a. peptide hormones must enter the cell to begin action, whereas steroid hormones must begin action on the external surface of the cell membrane.
b. steroid hormones must enter the cell to begin action, whereas peptide hormones must begin action on the external surface of the cell membrane.
c. peptide hormones produce a hormone receptor complex that works directly on the DNA, whereas steroid hormones cause the release of a secondary messenger that triggers enzymes.
d. No answer is correct.
5. The hormone that regulates water concentration in the urine is released from the
a. thyroid gland.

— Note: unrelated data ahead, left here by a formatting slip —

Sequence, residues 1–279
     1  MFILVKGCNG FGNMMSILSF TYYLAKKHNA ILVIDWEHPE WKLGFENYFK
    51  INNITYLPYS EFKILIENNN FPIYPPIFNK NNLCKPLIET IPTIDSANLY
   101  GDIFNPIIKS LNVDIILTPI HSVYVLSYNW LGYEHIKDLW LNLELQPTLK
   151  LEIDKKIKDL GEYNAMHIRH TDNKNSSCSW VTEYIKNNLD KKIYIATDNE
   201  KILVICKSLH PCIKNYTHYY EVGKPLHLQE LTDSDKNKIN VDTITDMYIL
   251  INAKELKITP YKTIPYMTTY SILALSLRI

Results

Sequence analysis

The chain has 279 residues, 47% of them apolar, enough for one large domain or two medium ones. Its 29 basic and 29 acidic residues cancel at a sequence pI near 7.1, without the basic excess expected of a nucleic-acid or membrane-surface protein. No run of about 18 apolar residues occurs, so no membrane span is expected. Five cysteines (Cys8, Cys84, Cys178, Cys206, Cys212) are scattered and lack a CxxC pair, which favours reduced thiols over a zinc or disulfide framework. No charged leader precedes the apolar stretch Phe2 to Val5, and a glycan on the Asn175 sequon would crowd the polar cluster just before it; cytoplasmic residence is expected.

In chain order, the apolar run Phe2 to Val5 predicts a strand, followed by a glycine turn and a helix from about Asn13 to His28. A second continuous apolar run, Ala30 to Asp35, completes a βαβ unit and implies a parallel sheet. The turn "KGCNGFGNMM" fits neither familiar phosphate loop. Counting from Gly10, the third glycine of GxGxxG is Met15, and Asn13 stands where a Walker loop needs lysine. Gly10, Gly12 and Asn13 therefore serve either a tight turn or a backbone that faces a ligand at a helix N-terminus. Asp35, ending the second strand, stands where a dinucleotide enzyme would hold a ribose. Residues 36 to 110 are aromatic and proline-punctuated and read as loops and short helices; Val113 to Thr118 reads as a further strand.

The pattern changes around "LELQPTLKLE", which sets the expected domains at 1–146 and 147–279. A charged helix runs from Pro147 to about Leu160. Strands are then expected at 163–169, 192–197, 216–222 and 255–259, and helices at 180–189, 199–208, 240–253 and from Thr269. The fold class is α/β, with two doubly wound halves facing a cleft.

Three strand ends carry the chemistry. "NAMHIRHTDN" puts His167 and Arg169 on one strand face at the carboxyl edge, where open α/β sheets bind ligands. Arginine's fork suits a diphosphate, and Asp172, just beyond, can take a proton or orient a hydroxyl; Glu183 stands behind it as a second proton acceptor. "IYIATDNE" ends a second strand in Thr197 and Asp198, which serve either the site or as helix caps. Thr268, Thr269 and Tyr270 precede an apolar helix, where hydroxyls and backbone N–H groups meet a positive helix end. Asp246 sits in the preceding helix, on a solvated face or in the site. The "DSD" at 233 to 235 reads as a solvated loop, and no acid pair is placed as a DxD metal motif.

c. anterior pituitary gland.
d. posterior pituitary gland.
6. _____ is the hormone that stimulates the adrenal gland to produce a number of steroid hormones.
7. Type I diabetes is caused by an abnormality in endocrine cells of the
c. adrenal glands.
8. The release of the thyroid hormone calcitonin is triggered by
a. too much glucose in the blood.
b. too much sodium in the blood.
c. too much calcium in the blood.
d. too much iodine in the blood.
9. Epinephrine mimics the effects of the
a. somatic nervous system.
b. central nervous system.
c. parasympathetic nervous system.
d. sympathetic nervous system.
10. A person afflicted with a goiter suffers from
a. lack of iodine.
b. low calcium levels.
c. excess thyroxine.
d. an underactive hypothalamus.